Richard Weldon Lunsford

January 3, 1934 – July 1, 2017

I have been “wandering through the fog” in my mind and emotions of knowing how to use the events of the past several weeks to instruct and guide my future – both immediate and long term.  The reality of how quickly the ebb and flow of time, activities and daily duties wash the imprints of the moment away is interesting, frustrating and a bit discouraging – I guess it’s all part of God’s grace in healing and dealing with sadness.  I want to capture and freeze-frame the inflection point of Dad’s death to savor his life and guide my future, but I can’t quite determine how best to do it among the noise of dealing with the stuff of daily life. Here are a few thoughts memorialized thus far.

My father had time for everybody. He gave, He never took. He was on loan for all of us. If you wanted an experience with him, all you had to do was ask. He never said no. It was always about us, not him.  I need to make time for people.

My father modeled integrity. Do unto others as you would have them do unto you. If he thought he wronged you…it was simple…make it right. Even if it was gray…make it right. He didn’t play the margin when it came to integrity. I need to have an unwavering commitment to truth and integrity.

My father didn’t withhold love. If one of us were struggling in life, he would speak truth, pray and…. wait on us. Time, through God, will change people. He didn’t have an “Angry Button”, his default was always love. We always knew he loved our mom. We always knew he loved us. He showed it through a spoken word of affirmation. He showed it through the outward affection of a hug. You knew, without a doubt, he loved you. When people are struggling, I need to love and wait.

 My father was simple. He wasn’t complex. He left a note in my Bible by Psalms 131 and said about himself, “this is me”. It reads, “My heart is not proud, Oh Lord my eyes are not haughty. I do not concern myself with great matters or things too wonderful for me. But I have stilled and quieted my soul.”

Dad lived a simple life, and loved the simple life. God, in his infinite wisdom, made following His will simple: Love God, Love others. This is the essence of our walk here on earth, and Dad captured it. A quote from composer Frederic Chopin describes my father with musical clarity. “Simplicity is the final achievement. After one has played a vast quantity of notes, it is simplicity that emerges as the crowning reward of art”. Dad was a masterpiece. I need to simplify life into two themes. Love God, Love Others.

 My father laughed often. Dad was not a story teller, he was the story! You see, He allowed himself to be the story line. Not the hero, certainly not the villain, but the character in the shadows that made you laugh, made the point and instructed us. That was his role. On our Cuba mission trip, at 82 years old, the group asked him what’s the most important piece of wisdom you can give us. He thought, then said        “laugh as often as you can”. Dad was comfortable laughing at himself. He actually made it an art form. However tense the situation was, Dad could bring humor to it. It was his way of making us feel better by taking the focus off our own insecurities, and wrapping them in humor and an eternal perspective. He was a man who would downright gut laugh at himself, yet never laugh at the expense of anyone else. I need to laugh at myself and with others.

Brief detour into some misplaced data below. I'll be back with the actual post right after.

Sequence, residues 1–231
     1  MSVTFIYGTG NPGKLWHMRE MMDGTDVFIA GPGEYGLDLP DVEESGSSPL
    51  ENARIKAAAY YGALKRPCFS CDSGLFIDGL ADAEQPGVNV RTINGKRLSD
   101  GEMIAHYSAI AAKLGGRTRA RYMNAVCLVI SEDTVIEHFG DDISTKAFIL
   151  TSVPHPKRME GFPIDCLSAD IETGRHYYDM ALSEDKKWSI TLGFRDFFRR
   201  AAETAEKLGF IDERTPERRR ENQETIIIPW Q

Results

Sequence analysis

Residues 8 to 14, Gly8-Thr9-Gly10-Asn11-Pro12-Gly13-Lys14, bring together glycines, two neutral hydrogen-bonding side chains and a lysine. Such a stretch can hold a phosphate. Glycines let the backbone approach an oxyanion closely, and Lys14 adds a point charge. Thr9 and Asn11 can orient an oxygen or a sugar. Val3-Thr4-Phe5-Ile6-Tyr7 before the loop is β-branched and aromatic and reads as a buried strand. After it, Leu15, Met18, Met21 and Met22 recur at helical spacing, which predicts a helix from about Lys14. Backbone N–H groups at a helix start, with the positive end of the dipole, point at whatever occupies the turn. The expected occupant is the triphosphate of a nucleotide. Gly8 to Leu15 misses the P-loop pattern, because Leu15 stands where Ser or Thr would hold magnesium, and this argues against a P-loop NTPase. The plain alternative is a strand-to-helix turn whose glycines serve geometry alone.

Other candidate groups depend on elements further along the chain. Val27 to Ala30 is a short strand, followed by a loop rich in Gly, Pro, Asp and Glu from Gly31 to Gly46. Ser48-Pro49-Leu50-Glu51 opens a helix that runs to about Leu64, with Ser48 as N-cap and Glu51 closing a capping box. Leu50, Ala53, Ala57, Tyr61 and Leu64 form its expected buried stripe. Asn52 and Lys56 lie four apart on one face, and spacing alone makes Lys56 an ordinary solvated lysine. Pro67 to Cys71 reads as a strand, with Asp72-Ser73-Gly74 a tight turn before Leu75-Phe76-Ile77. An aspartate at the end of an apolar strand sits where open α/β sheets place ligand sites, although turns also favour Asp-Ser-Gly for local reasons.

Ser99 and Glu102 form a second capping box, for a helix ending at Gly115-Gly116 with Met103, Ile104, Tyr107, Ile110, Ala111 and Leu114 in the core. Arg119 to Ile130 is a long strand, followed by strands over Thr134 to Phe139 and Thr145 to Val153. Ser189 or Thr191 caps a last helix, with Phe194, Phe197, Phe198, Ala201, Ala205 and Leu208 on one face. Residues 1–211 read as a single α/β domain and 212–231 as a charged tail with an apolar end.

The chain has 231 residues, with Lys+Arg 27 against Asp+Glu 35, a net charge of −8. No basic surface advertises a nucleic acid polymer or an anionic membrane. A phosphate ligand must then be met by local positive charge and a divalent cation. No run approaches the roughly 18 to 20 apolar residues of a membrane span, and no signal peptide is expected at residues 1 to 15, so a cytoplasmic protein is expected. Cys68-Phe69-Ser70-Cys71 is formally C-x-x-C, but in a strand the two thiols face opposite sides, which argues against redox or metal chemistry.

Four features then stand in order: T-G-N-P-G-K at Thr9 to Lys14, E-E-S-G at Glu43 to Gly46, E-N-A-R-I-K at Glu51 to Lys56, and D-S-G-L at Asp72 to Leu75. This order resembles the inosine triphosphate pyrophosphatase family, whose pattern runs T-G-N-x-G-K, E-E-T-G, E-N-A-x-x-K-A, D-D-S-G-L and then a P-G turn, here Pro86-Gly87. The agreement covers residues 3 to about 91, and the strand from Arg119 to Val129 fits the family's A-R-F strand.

In closing, returning to Praise the Lord Farms for the funeral evoked feelings of wanting things the way they were. The smells, the views, the way my parents arranged the house for 52 years, the landmarks around the farm that are attached to life lessons Dad taught me….on that very spot. My own humanness fears to end a chapter that was so good. But the longing God desires, looks forward. Forward to a better place where God convenes with each of us and those who have gone before. Dad had that longing, and knew we were “on loan” for this world.

My desire to restore the past, however sweet it was, is absent consideration for Dad. It is selfish for me to wish him back from the destiny he so purposefully sought, Heaven. He is simply in a better place than here with us. This earth is not our home, and we must sit light to making it so.

My father’s heritage will be elevated and magnified as his children and grandchildren continue to resonate his beliefs and practices. His legacy will have a significant multiplier effect across the society and the world, this side of heaven. It’s not lost on me the abundant grace God bestowed by giving me a father who modeled what it means to be a faithful husband, nurturing father, useful friend and spiritual leader. My Dad left me with no excuses.

Richard Lunsford was a man, young men dream to be, and old men wish they’d been. He lived with purpose and no regrets …yes, my father finished well. Thanks Dad….see you soon.

Richard Holt Lunsford